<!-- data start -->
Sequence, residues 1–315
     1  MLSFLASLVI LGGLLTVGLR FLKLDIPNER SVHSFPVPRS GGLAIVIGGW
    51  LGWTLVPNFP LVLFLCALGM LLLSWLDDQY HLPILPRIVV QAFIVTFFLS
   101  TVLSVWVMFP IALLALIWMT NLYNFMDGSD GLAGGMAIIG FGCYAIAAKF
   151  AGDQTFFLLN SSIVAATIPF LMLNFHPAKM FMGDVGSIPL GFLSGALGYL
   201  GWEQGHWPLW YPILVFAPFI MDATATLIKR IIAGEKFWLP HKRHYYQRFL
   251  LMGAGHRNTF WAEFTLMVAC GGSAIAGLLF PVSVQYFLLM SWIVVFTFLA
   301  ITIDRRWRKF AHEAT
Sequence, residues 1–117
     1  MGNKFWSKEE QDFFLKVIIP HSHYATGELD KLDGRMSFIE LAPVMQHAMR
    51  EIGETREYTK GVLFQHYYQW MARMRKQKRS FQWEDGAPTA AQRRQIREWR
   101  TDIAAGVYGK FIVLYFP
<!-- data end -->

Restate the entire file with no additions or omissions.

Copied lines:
Sequence, residues 1–315
     1  MLSFLASLVI LGGLLTVGLR FLKLDIPNER SVHSFPVPRS GGLAIVIGGW
    51  LGWTLVPNFP LVLFLCALGM LLLSWLDDQY HLPILPRIVV QAFIVTFFLS
   101  TVLSVWVMFP IALLALIWMT NLYNFMDGSD GLAGGMAIIG FGCYAIAAKF
   151  AGDQTFFLLN SSIVAATIPF LMLNFHPAKM FMGDVGSIPL GFLSGALGYL
   201  GWEQGHWPLW YPILVFAPFI MDATATLIKR IIAGEKFWLP HKRHYYQRFL
   251  LMGAGHRNTF WAEFTLMVAC GGSAIAGLLF PVSVQYFLLM SWIVVFTFLA
   301  ITIDRRWRKF AHEAT
Sequence, residues 1–117
     1  MGNKFWSKEE QDFFLKVIIP HSHYATGELD KLDGRMSFIE LAPVMQHAMR
    51  EIGETREYTK GVLFQHYYQW MARMRKQKRS FQWEDGAPTA AQRRQIREWR
   101  TDIAAGVYGK FIVLYFP